One Vote Short: FISA Amendment Requiring Warrants For Browser & Search Data Fails
from the this-is-why-we-can't-have-nice-things dept
As noted yesterday, Congress this week is considering a new bill (the USA FREEDOM Reauthorization Act of 2020) that would not only renew already widely abused and heavily criticized FISA (Federal Intelligence Surveillance Act) powers, but extend the law to include warrantless access to American browsing and search data, a longstanding goal of the “there’s no such thing as too much domestic surveillance” set. Given the well documented problems with the existing system, there’s a large bipartisan coalition that believes this is, well, idiotic.
Enter Senators Ron Wyden and Steve Daines, who introduced one of three amendments today aimed at making a fleeting effort to rein in FISA authority and abuse. Their amendment would have required a warrant before law enforcement and government could peruse your browsing and search data, which seems like a good idea in normal times, but even more so in the Bill Barr era. Wyden had this to say today about the threat posed by the expansion:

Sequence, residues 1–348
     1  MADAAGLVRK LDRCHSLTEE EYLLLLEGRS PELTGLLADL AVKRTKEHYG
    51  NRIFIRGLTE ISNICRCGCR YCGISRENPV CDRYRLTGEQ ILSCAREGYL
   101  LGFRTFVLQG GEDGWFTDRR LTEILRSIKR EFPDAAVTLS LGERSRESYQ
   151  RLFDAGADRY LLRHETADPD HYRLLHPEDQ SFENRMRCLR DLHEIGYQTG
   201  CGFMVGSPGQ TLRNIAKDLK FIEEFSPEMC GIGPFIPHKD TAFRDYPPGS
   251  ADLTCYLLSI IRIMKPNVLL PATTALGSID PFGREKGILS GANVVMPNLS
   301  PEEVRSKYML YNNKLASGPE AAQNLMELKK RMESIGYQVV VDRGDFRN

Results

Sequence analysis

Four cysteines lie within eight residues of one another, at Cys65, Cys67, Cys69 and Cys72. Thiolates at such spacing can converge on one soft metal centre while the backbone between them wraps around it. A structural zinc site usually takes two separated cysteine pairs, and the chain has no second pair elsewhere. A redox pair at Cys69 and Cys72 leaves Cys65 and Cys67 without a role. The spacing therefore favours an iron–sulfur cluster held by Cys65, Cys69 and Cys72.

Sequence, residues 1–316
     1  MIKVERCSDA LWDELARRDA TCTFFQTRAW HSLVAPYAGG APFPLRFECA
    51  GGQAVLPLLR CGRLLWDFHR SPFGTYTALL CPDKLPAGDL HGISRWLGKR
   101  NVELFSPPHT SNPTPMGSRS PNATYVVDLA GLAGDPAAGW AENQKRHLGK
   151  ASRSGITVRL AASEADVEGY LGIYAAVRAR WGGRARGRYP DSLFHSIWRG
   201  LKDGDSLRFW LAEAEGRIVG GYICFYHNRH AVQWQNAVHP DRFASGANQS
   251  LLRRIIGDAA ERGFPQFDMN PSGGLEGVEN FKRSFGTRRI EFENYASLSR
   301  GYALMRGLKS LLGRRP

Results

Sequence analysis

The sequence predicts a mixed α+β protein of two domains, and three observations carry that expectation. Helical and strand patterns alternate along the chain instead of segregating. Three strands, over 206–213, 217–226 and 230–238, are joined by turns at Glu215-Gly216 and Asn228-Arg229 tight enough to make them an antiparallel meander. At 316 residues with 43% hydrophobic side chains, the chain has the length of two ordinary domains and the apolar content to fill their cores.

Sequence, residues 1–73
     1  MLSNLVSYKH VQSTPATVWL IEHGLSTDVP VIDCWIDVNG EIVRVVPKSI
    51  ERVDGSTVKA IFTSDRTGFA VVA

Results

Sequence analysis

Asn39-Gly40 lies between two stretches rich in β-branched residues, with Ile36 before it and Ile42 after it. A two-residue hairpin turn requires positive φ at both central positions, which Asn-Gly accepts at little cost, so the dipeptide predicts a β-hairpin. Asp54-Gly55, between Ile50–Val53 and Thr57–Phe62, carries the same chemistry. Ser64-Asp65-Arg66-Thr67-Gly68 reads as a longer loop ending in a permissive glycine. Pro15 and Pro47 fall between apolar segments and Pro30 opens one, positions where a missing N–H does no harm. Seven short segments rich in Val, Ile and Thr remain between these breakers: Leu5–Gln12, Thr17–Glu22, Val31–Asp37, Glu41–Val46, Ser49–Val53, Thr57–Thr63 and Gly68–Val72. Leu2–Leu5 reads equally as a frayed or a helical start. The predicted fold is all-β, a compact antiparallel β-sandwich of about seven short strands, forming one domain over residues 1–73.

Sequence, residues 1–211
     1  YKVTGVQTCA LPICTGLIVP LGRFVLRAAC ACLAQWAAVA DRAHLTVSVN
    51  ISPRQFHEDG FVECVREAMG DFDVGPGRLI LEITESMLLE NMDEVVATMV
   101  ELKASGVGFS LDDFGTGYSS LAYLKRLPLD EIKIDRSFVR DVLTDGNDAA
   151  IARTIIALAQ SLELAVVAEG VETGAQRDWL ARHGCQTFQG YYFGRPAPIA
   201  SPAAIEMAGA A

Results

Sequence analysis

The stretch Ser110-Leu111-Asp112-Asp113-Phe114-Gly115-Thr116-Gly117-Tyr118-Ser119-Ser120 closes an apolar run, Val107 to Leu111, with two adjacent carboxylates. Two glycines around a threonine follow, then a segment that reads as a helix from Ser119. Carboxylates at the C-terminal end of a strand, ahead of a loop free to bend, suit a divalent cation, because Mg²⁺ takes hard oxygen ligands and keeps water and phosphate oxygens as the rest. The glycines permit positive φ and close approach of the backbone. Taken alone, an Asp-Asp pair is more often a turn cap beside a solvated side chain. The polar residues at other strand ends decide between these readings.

“Back in 2001 when Congress passed the Patriot Act, Americans were rightly concerned about the government collecting their library borrowing records without a warrant. What we’re talking about here today, looking at web history browsing history, it is thousands of times more invasive of privacy.”
Despite significant support for the Wyden/Daines amendment, it failed with a vote of 59-37, just missing the 60 vote threshold needed to pass. You can find a total roll call here.
Ironically, many of the same GOP Senators you’ll routinely see going on at length about the perils of the “deep state” voted to give said deep state more power than ever. 10 Democratic Senators quick to lament Trump’s abuse of government institutions (like Tim Kaine) similarly somehow voted to give him more capability to do so. Four other Senators didn’t vote on the Wyden/Daines amendment, including Bernie Sanders (who hasn’t yet explained his absence) and Senator Patty Murray, whose staffers say she would have voted for it if she had, you know, bothered to vote for it:
Democratic Sen. Patty Murray, who missed vote on limiting government surveillance of Internet history, would have supported amendment, per aide. That would have given it 60 votes, had she been here.
59-37 roll call: https://t.co/R2LejzBnRN
— Burgess Everett (@burgessev) May 13, 2020
Wyden, unsurprisingly, was politely unimpressed by his Senate colleagues:
Fifty-nine members of the Senate just voted in favor of my amendment to block warrantless government surveillance of Americans' browser history. It failed by just one vote. McConnell is that much closer to giving Bill Barr the green light to spy on Americans' private information. https://t.co/IV5ERbte48
— Ron Wyden (@RonWyden) May 13, 2020
This is, as they say, why we can’t have nice things.